The president of the Council of Trade Unions says double digit unemployment is realistic, but NZ faces a tremendous opportunity to rethink our economy.
The government warned this week that unemployment could climb into the double digits as the fallout of Covid-19 continues.
New Zealand's unemployment rate has been in single digits since 1993.
Economist Shamubeel Eaqub said it could reach between 15 and 30 percent.
Richard Wagstaff said that would depend on the government's response to the crisis.
"If we don't learn the lessons from the past and take an austerity approach, if the state steps back and doesn't take responsibility, yes it could climb up there," he said.
"But there are opportunities and the state has a huge role to play. There's plenty of work that needs to be done, we've got infrastructure projects, we need to 'green' our economy. We can create work."
Wagstaff also said the days of New Zealand relying on cheap overseas labour is in the past now and more Kiwis are likely to be employed on large projects.
He said the government should also create conditions where beneficiaries who lose their jobs can live with dignity rather than be punished for their joblessness.
"That's a huge challenge when you consider things like housing costs and our rents. We need to increase benefits and we need to individualise those benefits so that people in relationships aren't hard done by."
Wagstaff said the budget should set out central services and infrastructure projects which will create work.
"We could finish the rail system and make it electric, we could invest a lot more in areas like home support and the health sector. There's plenty of work to do, we've just got to find a way of getting those jobs created," he said.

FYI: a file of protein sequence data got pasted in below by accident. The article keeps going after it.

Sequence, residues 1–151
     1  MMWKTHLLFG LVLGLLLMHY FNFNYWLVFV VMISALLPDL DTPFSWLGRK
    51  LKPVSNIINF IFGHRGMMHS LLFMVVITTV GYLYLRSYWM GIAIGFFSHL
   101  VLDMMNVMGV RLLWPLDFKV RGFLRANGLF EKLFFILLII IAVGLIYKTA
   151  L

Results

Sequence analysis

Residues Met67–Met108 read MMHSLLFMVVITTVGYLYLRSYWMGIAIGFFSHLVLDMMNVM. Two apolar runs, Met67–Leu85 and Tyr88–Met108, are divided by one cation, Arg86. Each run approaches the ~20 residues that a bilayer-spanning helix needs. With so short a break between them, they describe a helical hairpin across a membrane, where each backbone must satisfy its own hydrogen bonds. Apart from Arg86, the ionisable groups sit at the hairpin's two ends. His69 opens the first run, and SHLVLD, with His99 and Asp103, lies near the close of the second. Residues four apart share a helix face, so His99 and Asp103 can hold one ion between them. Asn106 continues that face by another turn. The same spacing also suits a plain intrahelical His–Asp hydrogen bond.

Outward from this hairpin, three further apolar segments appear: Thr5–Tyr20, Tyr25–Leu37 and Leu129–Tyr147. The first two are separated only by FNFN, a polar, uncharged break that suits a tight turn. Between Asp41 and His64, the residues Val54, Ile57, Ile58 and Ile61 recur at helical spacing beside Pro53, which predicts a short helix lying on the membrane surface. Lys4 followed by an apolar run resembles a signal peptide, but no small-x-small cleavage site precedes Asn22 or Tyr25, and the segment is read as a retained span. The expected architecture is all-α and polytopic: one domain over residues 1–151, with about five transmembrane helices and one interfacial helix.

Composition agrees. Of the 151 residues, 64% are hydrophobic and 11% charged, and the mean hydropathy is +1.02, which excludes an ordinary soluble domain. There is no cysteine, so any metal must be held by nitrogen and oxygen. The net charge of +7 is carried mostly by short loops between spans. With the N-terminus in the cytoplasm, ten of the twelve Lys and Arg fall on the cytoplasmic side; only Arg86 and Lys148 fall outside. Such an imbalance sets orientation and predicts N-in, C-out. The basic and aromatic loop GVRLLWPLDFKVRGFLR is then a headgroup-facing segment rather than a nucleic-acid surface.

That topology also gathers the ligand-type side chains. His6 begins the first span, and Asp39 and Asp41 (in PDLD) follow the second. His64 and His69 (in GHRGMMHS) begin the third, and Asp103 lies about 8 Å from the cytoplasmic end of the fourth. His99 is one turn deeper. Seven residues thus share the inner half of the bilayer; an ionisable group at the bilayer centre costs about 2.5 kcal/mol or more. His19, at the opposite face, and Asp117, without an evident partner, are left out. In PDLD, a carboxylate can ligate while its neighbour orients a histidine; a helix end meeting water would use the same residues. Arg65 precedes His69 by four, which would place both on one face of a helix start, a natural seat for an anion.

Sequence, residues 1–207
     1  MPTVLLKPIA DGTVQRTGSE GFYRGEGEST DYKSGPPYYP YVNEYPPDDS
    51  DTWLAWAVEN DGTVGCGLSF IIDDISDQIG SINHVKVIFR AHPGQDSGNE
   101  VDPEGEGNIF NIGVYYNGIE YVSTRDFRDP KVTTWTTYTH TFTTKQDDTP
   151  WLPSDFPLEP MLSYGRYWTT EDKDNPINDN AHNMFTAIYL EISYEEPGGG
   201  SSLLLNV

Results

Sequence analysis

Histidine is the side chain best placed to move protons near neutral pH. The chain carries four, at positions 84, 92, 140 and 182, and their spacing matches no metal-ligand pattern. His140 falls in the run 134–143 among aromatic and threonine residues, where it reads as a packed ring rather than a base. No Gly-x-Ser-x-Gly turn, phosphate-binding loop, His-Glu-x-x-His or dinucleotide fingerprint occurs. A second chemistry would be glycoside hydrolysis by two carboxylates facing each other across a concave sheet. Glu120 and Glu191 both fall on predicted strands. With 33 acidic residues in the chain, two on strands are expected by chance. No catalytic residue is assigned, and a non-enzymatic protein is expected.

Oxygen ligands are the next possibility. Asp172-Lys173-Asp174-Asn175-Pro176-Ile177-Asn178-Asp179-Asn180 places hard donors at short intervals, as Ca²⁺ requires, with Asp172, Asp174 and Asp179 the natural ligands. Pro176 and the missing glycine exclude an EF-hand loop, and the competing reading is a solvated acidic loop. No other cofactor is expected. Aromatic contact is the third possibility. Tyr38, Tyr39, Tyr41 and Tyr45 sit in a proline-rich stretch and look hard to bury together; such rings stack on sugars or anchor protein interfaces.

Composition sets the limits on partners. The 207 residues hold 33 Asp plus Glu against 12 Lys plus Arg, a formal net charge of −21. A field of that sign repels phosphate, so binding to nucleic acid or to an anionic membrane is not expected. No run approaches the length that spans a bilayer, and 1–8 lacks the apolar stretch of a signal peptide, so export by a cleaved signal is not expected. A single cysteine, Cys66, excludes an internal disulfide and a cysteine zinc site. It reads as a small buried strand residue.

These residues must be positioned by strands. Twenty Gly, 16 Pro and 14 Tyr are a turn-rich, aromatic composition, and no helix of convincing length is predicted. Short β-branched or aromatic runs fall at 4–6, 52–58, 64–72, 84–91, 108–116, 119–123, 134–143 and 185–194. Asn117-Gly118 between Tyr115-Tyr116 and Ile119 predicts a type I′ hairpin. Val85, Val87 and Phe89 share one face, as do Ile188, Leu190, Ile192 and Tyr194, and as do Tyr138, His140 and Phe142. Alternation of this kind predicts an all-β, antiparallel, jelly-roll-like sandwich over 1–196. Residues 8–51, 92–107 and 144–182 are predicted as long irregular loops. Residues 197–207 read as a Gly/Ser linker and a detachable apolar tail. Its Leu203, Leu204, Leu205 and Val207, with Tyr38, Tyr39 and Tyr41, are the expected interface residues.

"It's not going to happen by marketplace, that is feeling pretty gun-shy at the moment… relying on the market has failed us, and this exercise has shown that very clearly."
Wagstaff said New Zealand faces a tremendous opportunity for a reset on thinking and people will begin to question why supermarket workers, health care workers, support workers and so on are paid so little when their services are so essential.
"There's a recalibration going on in people's minds about what really matters. Now is an opportunity to reflect on that and reset the way we do things in this country."
Meanwhile, economist and former KiwiSaver fund manager Gareth Morgan told Morning Report the government should only focus on health investment and let the market decide what happens to business.
"In terms of the government sorting out which industries should survive and which shouldn't, that reminds me of Muldoon's response to the oil crisis. Government's cannot do that, you've got to leave the market to do that," he said.
"Business works out where the opportunities are and invests or disinvests in those sectors."
He said there should not be a wage subsidy but there ought to be benefit increases so people don't have to live in misery.
"Money doesn't grow on trees, there will be a cost here in terms of allocating resources. It's the business sector that does that most efficiently," Morgan said.
The Council of Trade Unions set up a website where people could report bad treatment by employers during the lockdown and Wagstaff said they got a couple thousand complaints within days of people saying they were made to drain their annual leave and sick leave while their employer took a wage subsidy.
"People will remember this, we will remember this, and we will certainly be going after employers who have being acting illegally."
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